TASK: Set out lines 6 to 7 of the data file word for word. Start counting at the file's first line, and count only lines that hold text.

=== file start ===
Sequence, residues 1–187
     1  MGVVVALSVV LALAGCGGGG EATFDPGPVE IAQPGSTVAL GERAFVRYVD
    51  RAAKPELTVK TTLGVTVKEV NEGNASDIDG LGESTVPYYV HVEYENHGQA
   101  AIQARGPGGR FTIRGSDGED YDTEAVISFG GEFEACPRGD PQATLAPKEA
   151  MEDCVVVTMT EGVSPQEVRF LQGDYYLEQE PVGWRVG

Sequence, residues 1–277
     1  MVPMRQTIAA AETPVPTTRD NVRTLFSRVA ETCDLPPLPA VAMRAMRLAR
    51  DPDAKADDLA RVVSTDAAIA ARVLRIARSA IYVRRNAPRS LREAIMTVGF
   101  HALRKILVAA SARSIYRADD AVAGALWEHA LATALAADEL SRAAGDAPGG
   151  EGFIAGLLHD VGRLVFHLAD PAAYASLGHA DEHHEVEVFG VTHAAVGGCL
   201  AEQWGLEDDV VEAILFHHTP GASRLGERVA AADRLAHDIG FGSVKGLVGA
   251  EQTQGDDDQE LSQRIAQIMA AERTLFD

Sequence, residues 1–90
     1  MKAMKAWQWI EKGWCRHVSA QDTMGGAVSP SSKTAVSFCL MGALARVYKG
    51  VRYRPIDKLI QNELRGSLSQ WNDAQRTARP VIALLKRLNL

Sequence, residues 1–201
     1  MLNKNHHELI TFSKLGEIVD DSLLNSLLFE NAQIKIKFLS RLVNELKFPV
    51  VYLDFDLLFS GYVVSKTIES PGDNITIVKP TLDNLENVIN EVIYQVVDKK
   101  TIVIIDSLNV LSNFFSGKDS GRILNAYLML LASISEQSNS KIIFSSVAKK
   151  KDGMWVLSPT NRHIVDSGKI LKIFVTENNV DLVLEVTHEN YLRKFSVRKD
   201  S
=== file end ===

Sequence, residues 1–277
     1  MVPMRQTIAA AETPVPTTRD NVRTLFSRVA ETCDLPPLPA VAMRAMRLAR